Portrait techniques using camera movements - methodologygreenspun.com : LUSENET : Large format photography : One Thread
Altho strictly NOT LF, I use an old Mamiya Press with back movements and have experimented with selective focus for portraits. I was wondering if anyone has some tips for a workable methodology to prevent subject movement problems during the - focus -> fit 120 film holder -> set apeture and shutter -> pull slide -> fire - process, short of tying up the model or glueing them in place! Is the trick to get them into a position (sit, lean) that they wont naturally move from? or are there other suggestions for more dynamic poses/settings? Any help would be much appreciated.
-- Adam Poll (email@example.com), June 14, 2001
The most basic method involves attaching a string to the front of the camera. Focus on the subject and stretch the string until it reaches the bridge of the subject's nose. Mark this point on the string with a small piece of tape. Insert your filmholder and adjust the remainder of your camera settings. Remove the darkslide and, just before you shoot, re-check the subject's position using the string/tape. Obviously, it also helps to seat the subject and to use relatively small apertures to improve depth of field. Hope this helps.
-- Dave Willison (firstname.lastname@example.org), June 14, 2001.
I shoot portraits with 8x10", and start by making sure the subject understands the process, knows what is happening, and participates in making the image by being still when necessary. It helps to have a powerful strobe system, so you can get a bit of extra DOF by stopping down. Also, be sure to recheck the focus between frames. I've had subjects slowly migrate forward or backward, so the first few shots are fine, and the last ones might be out of focus.
-- David Goldfarb (email@example.com), June 14, 2001.
Hi Adam, you reminded me of the time I took the woman's portrait and the only thing in focus was her umbrella handle. Well, not exactly the whole handle, just the sticker that said Goodwill. If you are without a studio like myself, just out and about, I found it helped to get a depth of field chart for my lens to get an idea for the depth of field at the various f-stops. And then I'm willing to make a lot of bad negatives for a good one because sometimes they do drift backwards or forwards when you are not aware of it. Best, David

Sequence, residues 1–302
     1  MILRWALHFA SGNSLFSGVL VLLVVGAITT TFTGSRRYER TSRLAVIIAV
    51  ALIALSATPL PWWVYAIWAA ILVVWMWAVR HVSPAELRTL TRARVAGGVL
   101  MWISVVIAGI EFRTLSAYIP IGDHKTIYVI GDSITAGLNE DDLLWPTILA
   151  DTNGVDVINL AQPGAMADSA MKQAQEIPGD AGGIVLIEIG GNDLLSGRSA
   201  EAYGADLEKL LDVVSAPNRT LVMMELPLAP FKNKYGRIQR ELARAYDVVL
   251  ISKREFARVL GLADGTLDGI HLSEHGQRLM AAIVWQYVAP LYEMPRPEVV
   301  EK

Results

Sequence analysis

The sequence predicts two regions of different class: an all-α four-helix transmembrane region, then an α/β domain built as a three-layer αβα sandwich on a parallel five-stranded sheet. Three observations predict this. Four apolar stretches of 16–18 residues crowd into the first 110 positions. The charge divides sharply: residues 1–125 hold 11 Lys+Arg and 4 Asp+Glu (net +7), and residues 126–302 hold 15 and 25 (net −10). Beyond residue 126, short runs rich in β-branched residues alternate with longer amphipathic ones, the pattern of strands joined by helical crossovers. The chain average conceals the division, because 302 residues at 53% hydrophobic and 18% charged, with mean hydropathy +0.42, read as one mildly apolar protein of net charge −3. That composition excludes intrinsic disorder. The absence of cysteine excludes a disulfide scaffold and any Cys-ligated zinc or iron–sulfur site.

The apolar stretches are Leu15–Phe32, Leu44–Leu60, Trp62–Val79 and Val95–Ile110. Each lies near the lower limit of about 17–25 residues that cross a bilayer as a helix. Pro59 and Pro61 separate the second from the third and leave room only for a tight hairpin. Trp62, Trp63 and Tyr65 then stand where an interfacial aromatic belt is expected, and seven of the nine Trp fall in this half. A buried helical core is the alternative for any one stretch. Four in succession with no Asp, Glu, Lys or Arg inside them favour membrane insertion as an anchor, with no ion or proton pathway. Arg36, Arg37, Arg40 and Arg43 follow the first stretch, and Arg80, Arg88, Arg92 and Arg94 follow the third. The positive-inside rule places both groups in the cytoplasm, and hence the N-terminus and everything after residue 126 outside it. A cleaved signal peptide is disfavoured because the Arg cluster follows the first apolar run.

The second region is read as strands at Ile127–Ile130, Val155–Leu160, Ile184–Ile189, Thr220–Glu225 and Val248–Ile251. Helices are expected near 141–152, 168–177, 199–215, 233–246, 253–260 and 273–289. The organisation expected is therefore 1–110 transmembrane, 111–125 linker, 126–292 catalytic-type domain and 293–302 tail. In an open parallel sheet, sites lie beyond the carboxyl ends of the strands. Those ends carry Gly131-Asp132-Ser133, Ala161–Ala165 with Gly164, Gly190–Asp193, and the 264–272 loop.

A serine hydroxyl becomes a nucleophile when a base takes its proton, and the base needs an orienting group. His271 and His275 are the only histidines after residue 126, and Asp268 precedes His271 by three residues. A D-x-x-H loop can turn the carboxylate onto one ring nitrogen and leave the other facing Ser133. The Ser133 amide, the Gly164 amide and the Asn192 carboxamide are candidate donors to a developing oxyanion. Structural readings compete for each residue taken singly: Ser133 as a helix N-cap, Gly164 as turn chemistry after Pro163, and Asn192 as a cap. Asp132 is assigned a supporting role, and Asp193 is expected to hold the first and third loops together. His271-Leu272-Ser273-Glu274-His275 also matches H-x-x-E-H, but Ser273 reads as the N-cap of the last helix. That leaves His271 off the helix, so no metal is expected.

-- david clark (firstname.lastname@example.org), June 14, 2001.
Adam: Now you know why photographers switched so quickly to MF when the RB-67 and Hasseys came out. The RB really caused the switch, though. That said, there is something about a LF portrait that is worth pursueing. Both Dave and David are correct in the methods used. Do all the camera stuff before you do the final touchup of the subject's head position,etc., then check with the string. It is important to let the subject become a part of the process. Explain that you are trying to do something special for them. This obviously doesn't apply to children. Use enough light to stop down to f-11 or 16 and the depth of field will carry the focus. The old time photographers had the same problem. Many, many of the old portraits you see will have the eyes in focus and the tip of the nose out, or vice-versa. I have even seen them with the ears sharp and the eyes out of focus, so you are not facing new problems. A good strobe with lots of power should take care of the problem. The old Hollywood photographers used 1,000 to 5,000 watt spotlights for much of their photography to get depth of field. Get those lights too close and you get pictures of crispy critters. Have fun with LF portraiture. It will be worth the effort.
-- Doug Paramore (email@example.com), June 14, 2001.
I have done lots of 4x5 portraits in my home studio with a 210mm lens at around 5 feet. I use 2 1000ws packs and strobes and I get F32. That gives me about 12 inches of DOF. I have just started doing 8x10 portraits with a 300mm lens using the same setup and that also gives me about 12 inches DOF. With that much DOF I have also successfully done lots of young children (even some very squirmy ones).